In pictures: the toxic truth of your children's clothes

Posted by Angela Glienicke — 20 January 2014 at 10:00am - Comments
All rights reserved. Credit: Jeff Lau/Greenpeace
A worker screens a pattern onto children's wear in Huzhou, China

When I look at these shockingly colourful pictures of clothes manufacturing in China, it is a stark reminder that you don’t always know the full story behind the production of your kid's garments. The Greenpeace labs carried out tests on 82 children's textiles from 12 brands, including Burberry, which revealed hazardous, potentially hormone-disrupting chemicals like nonylphenol ethoxylates in various products. So the use of toxic chemicals in kids clothing during their manufacture in countries like China, is still widely spread.

These pictures, illustrating the working conditions of Chinese factory workers, will pop into my head the next time I shop for that cool, brightly coloured shirt for my kids. Join me in asking brands like Burberry to eleminate toxic chemicals in their products to ensure a toxic free future worldwide.

Workers prepare their workspace for the next set of fabrics to be screened with paints and dyes in a textile factory in Huzhou City, Zhejiang Province. ©Jeff Lau/Greenpeace

The paint storage areas located in children's clothing factories are often cluttered with open paint canisters and buckets. ©Jeff Lau/Greenpeace

Workers spend their day assembling children's wear in a textile factory in Huzhou, China. ©Jeff Lau/Greenpeace

A Chinese worker prepares to retrieve a stack of dyed textile at a dyeing factory in Shishi city of Fujian Province. ©Liu Feiyue/Greenpeace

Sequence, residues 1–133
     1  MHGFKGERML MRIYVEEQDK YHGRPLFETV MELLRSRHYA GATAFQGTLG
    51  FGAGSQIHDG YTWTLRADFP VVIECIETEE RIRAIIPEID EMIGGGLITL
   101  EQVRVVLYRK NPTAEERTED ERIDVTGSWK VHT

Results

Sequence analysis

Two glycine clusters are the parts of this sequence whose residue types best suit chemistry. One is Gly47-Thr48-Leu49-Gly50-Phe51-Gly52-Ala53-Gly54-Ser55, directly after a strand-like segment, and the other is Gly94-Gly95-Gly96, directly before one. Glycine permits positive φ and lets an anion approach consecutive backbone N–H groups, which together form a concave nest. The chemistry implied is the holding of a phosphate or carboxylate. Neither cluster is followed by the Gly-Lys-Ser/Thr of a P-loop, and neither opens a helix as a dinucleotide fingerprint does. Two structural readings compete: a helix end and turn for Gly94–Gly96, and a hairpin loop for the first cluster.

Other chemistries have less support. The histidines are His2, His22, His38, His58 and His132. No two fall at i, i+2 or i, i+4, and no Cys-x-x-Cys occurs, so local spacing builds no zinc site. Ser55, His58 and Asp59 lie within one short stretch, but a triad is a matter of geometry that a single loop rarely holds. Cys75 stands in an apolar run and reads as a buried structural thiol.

"Littlle Monsters" escape from a waste water pipe in China, this photo illustration is designed to bring visibility to an invisible problem - the presence of hazardous chemicals in our children's clothes and in our lives. ©Greenpeace

A mother and child find "Little Monsters" lurking in their laundry in this photo illustration.which is designed to bring visibility to an invisible problem of toxic chemicals. ©Greenpeace

A scientist carries out an analysis of hazardous chemicals in textile samples at the Greenpeace Research Laboratories at Exeter University. ©Alex Stoneman/Greenpeace

Clothing from Burberry and others were tested as part of the Greenpeace Detox campaign report. ©Emma Stoner/Greenpeace

The Burberrry store in Oxford Street, clothes from this brand were tested for hazardous chemicals. ©Emma Stoner/Greenpeace

More than one hundred children create a human banner in Mexico, demanding a toxic free future. ©Ivan Castaneira/Greenpeace

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